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leadership of this nation. Consciously or unconsciously, when the clash of arms had come, the hosts of loyalty and liberty could only rally around the man whose voice had first uttered the true battle-cry. And therefore it was that, when that moment came, we found Abraham Lincoln, the leader that democratic freedom had been preparing in the West, in the President's chair at Washington, and Commander-in-chief of the army and navy of the United States.
And now events hasten more rapidly to the grand dénouement. Yet, like Hamlet, the hero hesitates. He dreads the awful conflict. He shrinks, as it were, from the very greatness of the task imposed upon him. Already, too, villany lurks in his path, assassination is dogging his steps; and he walks henceforth as if burdened with a mysterious, foreboding consciousness of his destiny. In his kindly, democratic nature there should be, and is, no taste for civil war and blood. He tries to conciliate, - puts forth his arm to avert the rushing fates: he holds the chalice of the Constitution to the white, maddened lips of the foe. But all in vain. With boastful, furious words, the cup is dashed to the ground: "We have a new Constitution, founded on the divine right of slavery: we fight for it, and take and give no quarter!" And so freedom's leader is held to his divinely purposed work,- defied by despotism, until forced in self-defence into the impregnable citadel of equal justice.
Yet the steps were all taken, not in passion, not in routed haste, but deliberately and with dignity, some of us thought too slowly and hesitatingly taken, and feared lest freedom would be betrayed. But the great Dramatist knew better than we, — knew the metal of the man, and knew he would not, could not, yield the principle to which his life had been, as it were by solemn vow, devoted.
Months before, in his contest with Douglas, with inspired earnestness and in the old Roman spirit of absolute self-consecration to the highest welfare of the republic, he had exclaimed:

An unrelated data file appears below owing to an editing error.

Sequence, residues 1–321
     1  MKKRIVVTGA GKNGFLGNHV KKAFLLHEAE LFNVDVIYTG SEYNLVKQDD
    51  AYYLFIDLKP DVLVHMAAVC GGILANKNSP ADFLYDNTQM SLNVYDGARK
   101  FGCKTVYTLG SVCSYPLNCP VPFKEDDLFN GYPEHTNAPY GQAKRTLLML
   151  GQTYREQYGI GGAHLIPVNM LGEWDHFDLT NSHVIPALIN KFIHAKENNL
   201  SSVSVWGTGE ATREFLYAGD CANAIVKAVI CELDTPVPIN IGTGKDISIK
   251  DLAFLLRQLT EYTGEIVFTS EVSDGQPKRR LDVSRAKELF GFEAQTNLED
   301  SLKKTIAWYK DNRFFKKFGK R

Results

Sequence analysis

"Think nothing of me: take no thought for the political fate of any man whatsoever, but come back to the truths that are in the Declaration of Independence. You may do anything with me you choose, if you will but heed these sacred principles. You may not only defeat me for the Senate, but you may take me and put me to death. . . . I charge you to drop every paltry, insignificant thought for any man's success. It is nothing. am nothing. Judge Douglas is nothing. But do not destroy that immortal emblem of humanity,— the Declaration of Independence."
And, again, on his way to Washington, in the old Independence Hall in Philadelphia, after inquiring what great sentiment it was in the Declaration there adopted which held the colonies so firmly together in the revolutionary struggle, he answered, "It was that sentiment which gave liberty, not alone to the people of this country, but, I
hope, to the world, for all future time: it was that which gave promise that in due time the weight would be lifted from the shoulders of all men"; and then he added, "If this country cannot be saved without giving up that principle, I was about to say I would rather be assassinated on this spot than surrender it!" and closed the remarkable speech with the solemn words, "I have said nothing but what I am willing to live by, and, if it be the pleasure of Almighty God, die by." It was not in the nature of the man who had given himself to the whole truth of republican government with such vows as these, and whom the angel of the republic was guarding for her highest service and greatest glory, to betray the sacred office for which he had thus received Heaven's commission. He was cautious. He saw every difficulty in the way; for a time it seemed as if he reasoned with destiny, but he could not betray the cause so solemnly committed to his hands.